This may be moved to the discussion panel. It might be good for you to get a variety of ideas. I have two thoughts regarding his writing style:
1. Women feel under-represented. Of course this is about ranch hands from the 30s. However, Curley's wife does not even have a name. Every other reference to a woman is only about what she can do for a man. Curley's wife is painted like a lady of the night. The only other contact with women occurs when the men go to Suzy's Place for a drink and special "time" with women. The only other reference to a woman occurs because Lennie found a woman's dress to be soft and kept touching it until he got in trouble.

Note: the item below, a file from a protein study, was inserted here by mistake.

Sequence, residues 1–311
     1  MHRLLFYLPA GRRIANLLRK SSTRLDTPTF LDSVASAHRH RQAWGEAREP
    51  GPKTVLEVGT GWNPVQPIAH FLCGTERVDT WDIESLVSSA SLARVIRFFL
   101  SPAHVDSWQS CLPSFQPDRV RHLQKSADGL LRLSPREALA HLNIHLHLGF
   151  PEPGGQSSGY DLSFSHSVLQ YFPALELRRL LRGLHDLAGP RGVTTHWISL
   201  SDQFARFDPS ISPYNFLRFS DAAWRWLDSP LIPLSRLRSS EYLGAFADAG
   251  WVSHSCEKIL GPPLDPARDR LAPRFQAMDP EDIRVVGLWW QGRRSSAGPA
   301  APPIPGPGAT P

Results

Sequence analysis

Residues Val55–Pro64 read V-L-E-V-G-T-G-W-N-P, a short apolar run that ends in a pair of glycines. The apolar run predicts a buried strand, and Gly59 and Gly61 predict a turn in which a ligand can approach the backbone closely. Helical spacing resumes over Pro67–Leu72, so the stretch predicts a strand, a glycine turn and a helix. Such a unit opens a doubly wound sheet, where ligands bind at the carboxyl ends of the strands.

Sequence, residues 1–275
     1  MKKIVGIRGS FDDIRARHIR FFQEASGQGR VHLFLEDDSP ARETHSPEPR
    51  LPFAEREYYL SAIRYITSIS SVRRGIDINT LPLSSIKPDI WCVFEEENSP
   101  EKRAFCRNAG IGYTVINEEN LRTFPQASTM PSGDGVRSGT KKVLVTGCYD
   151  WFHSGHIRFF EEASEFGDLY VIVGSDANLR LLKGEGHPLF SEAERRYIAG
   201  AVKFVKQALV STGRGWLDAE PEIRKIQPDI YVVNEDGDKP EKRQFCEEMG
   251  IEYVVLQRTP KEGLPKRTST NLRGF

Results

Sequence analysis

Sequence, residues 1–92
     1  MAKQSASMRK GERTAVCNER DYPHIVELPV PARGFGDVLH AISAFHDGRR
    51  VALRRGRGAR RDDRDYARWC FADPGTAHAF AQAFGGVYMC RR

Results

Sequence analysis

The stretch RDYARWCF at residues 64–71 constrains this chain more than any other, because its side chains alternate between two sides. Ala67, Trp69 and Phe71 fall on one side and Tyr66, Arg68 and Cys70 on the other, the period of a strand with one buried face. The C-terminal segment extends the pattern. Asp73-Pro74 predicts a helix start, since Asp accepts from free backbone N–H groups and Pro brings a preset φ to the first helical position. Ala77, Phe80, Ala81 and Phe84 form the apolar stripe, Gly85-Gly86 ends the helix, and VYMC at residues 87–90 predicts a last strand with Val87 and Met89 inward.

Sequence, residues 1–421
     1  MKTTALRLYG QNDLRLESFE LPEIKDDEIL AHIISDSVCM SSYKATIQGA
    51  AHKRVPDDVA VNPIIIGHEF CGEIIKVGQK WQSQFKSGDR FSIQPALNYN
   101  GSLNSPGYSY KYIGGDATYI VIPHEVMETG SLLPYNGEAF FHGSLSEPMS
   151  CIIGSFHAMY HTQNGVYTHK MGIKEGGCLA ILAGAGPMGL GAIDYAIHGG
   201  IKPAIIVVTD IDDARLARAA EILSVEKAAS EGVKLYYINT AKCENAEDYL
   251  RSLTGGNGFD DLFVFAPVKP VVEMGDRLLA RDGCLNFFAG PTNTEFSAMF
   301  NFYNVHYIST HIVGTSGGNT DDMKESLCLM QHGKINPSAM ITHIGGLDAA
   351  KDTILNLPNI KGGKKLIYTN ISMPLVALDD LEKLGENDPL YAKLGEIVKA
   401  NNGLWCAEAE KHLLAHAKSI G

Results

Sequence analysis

2. Steinbeck is very descriptive. From the opening scene by the pool to the bunkhouse to Crooks' room, I feel like the vivid imagery makes me understand the Depression a little better. When he describes places, I can see them in my head.
The link below will help you think about how Steinbeck write to better craft your own answer.